By Eric Charbonnet @ECHARB10
Three young men lost their lives in the early hours of Sept. 25, 2016 off the coast of Miami.
Any athlete who has played on a team and become close to their teammates knows the special bond that is created throughout the season. Blood, sweat and tears go in to practice, games, film and extra training on the side. Athletes sacrifice their time repeatedly to play on a team and live their dream. For Jose Fernandez his dream was cut abruptly short.
The 24-year-old pitching phenom for the Miami Marlins, was killed along with two of his close friends, Eddy Rivero and Emilio Macias. The men were on their way back to Miami Beach when the 32-foot fishing boat hit a jetty that had no lights to indicate its existence.
Initial reports were that the boat became airborne before landing upside down, killing the three passengers onboard. Fernandez was 24, Rivero 25 and Macias 27.
In the days since the accident, more details have emerged about what might have transpired in the moments before the crash.
Apparently Fernandez, along with one of the other men killed, had been at a nightclub before the collision.
It has come out that Jose was stressed out about an argument with his girlfriend, and sought to blow off steam on the warm Miami waters.
Marcell Ozuna, a teammate of Jose’s could not go out on the boat that evening but was asked by Fernandez to call him in the morning if he wasn’t at the stadium on time. Bleacher Report has done an admirable job keeping fans around the world updated.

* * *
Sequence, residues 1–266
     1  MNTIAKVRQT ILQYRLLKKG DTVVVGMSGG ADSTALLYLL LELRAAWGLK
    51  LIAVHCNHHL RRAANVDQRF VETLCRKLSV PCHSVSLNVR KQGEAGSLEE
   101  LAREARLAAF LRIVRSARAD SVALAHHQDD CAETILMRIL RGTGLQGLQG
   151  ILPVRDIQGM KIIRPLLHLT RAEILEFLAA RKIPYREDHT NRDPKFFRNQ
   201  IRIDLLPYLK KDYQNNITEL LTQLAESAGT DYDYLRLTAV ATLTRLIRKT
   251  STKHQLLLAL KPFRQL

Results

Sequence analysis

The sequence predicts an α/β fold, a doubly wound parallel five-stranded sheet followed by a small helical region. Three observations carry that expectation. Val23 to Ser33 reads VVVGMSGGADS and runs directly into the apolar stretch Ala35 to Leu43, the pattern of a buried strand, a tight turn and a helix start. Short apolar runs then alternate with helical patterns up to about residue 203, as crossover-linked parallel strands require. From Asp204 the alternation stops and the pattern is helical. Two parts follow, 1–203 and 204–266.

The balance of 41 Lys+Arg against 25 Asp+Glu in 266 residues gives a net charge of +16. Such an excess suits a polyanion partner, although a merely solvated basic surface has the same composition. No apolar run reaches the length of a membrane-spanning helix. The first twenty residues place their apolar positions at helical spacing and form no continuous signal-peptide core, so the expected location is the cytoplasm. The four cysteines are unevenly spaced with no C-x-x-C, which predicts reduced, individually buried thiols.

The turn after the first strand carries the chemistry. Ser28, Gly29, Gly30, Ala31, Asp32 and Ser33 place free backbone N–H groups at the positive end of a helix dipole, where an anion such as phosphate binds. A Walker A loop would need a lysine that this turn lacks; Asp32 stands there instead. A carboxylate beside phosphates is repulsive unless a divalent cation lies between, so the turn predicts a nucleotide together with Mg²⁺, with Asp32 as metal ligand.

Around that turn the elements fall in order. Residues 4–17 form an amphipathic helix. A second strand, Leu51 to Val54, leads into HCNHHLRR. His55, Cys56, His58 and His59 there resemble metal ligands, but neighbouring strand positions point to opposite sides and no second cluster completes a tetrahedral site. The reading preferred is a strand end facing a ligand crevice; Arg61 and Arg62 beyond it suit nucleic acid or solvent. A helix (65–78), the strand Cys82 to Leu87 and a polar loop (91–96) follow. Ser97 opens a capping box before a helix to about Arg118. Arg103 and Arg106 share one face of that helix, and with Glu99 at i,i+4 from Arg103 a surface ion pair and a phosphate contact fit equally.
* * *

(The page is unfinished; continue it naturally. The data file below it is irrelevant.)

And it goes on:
They have provided pictures of the texts sent by Rivero to a friend as well as videos of the Sport’s World’s reactions and highlights of his brief yet exceptional career.
Rumors and speculations will continue to circulate until the truth about what really happened come out. Things are sure to remain somewhat convoluted, since all three passengers were killed.
How or why this happened or what caused the boat to hit the jetty is not wholly unimportant, but it’s definitely not more important than the fact that a young man and his friends died. The only thing that matters is the immense loss that a family and community just suffered.
Jose was the Rookie of The Year in 2013 as well as an All-Star in both 2013 and 2016. He had a career 38-17 win-loss record and owned a 2.58 ERA (earned run average) over that game span. He was an energetic and passionate young man with an arm that electrified crowds and fellow players alike. His manager, Don Mattingly, might have said it best in an interview with USA Today.
“He was so young that you’re supposed to help teach him, but he’s the one who taught us,” Mattingly said as he walked back into Marlins Park.
“He taught us how to enjoy the game, how to love the game and to have the passion he had. He taught us a lesson of how we’re supposed to be.”